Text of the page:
Strathclyde Passenger Transport (SPT), having dispensed with Helensburgh, commence the operation of their Kilcreggan to Gourock only passenger ferry service tomorrow, Sunday 1st April 2012.
Today is the last sailing of Seabus, the boat serving the route including Helensburgh and operated by Clyde Marine.
Tomorrow, the 16 year old Island Princess, bought and brought up from her familiar haunt in the Solent, goes into service with a licence awarded her by the Maritime and Coastguard Agency (MCA) minutes before the end of the working day on Friday. However, no passengers will be allowed to travel om her upper deck.
We confess to being surprised that she appears to have made no familiarisation trips today. Using an unfamiliar boat at an unvisited pier without prior getting-to-know-you berthings would not be standard commercial practice.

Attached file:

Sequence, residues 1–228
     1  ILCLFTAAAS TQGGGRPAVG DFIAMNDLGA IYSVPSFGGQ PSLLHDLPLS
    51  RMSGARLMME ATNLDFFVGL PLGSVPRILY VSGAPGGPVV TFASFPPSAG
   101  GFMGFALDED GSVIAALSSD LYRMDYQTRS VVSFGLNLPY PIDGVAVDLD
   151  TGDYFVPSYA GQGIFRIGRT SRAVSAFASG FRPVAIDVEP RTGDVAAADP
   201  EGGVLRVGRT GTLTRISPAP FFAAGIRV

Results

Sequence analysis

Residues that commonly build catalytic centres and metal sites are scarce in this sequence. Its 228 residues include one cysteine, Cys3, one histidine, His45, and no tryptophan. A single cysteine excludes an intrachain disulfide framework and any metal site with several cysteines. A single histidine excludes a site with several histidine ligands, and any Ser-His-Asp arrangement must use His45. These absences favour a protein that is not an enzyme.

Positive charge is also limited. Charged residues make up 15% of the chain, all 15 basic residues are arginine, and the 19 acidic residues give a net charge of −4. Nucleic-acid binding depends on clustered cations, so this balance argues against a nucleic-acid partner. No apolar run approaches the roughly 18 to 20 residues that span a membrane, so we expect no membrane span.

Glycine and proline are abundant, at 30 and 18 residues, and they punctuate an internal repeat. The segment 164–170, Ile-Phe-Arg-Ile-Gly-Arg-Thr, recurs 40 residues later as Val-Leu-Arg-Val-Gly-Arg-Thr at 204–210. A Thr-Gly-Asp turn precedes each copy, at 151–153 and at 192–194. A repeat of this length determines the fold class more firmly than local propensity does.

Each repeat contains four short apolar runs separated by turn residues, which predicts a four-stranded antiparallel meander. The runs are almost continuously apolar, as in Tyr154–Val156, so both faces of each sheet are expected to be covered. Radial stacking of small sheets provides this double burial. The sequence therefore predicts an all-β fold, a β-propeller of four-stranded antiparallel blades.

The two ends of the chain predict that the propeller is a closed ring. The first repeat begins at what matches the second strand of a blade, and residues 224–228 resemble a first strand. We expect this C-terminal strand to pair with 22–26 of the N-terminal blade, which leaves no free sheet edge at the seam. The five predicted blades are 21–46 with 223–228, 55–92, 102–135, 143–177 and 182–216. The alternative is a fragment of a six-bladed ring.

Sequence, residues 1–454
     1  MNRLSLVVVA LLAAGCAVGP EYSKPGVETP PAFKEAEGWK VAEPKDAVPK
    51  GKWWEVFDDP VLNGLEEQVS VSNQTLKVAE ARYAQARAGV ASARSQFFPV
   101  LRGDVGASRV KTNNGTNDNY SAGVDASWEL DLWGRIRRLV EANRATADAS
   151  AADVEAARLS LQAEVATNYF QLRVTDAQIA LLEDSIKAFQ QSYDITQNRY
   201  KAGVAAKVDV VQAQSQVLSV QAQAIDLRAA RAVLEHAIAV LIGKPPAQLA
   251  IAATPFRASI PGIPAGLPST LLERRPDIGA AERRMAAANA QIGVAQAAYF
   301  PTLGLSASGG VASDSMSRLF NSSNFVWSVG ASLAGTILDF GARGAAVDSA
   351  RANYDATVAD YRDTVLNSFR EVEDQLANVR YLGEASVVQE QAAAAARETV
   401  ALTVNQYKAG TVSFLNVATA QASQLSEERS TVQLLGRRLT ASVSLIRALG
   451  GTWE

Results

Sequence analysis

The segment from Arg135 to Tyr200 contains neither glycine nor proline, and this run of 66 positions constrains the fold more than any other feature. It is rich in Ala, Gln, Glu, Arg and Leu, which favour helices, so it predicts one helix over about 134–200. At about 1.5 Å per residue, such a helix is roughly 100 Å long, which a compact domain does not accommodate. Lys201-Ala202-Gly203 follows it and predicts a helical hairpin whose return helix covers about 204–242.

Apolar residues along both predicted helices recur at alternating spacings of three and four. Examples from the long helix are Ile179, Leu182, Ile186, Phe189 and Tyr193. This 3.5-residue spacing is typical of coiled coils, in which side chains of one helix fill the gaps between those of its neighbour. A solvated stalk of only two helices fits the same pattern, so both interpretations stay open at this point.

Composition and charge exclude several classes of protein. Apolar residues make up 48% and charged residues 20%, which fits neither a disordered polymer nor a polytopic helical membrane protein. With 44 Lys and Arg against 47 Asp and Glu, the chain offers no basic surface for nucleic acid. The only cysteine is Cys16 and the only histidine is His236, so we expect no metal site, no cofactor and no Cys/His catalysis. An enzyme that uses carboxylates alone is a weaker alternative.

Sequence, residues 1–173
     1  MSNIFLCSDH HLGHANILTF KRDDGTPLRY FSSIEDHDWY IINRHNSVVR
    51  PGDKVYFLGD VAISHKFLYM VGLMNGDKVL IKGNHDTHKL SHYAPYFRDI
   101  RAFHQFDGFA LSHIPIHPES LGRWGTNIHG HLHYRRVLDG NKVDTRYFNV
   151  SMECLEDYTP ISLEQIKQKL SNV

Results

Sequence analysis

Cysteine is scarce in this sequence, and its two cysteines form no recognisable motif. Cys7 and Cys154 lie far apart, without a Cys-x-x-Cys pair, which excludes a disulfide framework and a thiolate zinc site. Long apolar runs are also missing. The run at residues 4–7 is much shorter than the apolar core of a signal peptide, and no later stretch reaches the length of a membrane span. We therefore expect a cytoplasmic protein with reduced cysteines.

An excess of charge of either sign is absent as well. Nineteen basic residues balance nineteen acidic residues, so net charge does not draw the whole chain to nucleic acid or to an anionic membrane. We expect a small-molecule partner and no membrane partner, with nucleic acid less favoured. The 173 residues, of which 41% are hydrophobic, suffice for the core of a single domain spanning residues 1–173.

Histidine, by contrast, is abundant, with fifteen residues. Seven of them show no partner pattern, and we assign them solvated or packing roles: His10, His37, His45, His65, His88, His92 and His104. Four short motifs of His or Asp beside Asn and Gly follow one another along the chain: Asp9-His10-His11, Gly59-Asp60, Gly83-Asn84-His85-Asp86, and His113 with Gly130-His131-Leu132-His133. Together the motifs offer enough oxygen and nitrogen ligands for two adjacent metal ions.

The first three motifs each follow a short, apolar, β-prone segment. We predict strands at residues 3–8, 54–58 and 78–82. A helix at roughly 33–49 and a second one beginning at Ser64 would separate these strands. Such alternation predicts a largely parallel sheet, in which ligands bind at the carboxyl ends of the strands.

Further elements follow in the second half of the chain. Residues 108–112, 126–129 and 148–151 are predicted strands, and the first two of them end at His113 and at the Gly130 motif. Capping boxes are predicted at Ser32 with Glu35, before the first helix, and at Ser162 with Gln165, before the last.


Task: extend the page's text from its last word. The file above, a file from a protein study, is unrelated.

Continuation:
However, it may be that the new operator, Clydelink, is relying on some immediate experienced assistance its skipper and crew will have.
Clyde Port, the statutory authority for the Clyde harbour, are reported as having some concerns and are putting a pilot on the boat, who will stay with the boat until satisfied with the performance of the in-house team. Established ferries sail with flags indicating that they have staff on board who have passed a pilotage examination for the route in question.
We understand that it will be a particularly experienced 79 year old pilot.
In something of a painful irony, Argyll and Bute Council’s long standing pier head staff will be staying on until mid-May and will be berthing the new ferry until then.
They have been made redundant because the new operator has decided to have the Island Princess crew use boathooks and manage berthing procedures from the boat, with no need for the services of the pierhead staff. They will though, be there to get the new service off to a safe start from the shoreside – although, they too will tomorrow be flying blind with no previous experience of managing this particular boat.
While the responsibility for the operation is SPT’s, Argyll and Bute Council’s Operational Marine Staff and its Corporate Health and Safety staff have pronounced themselves satisfied with the Risk Assessments now provided by Clydelink. This assurance has been acquired, after enquiries, by Councillor George Freeman.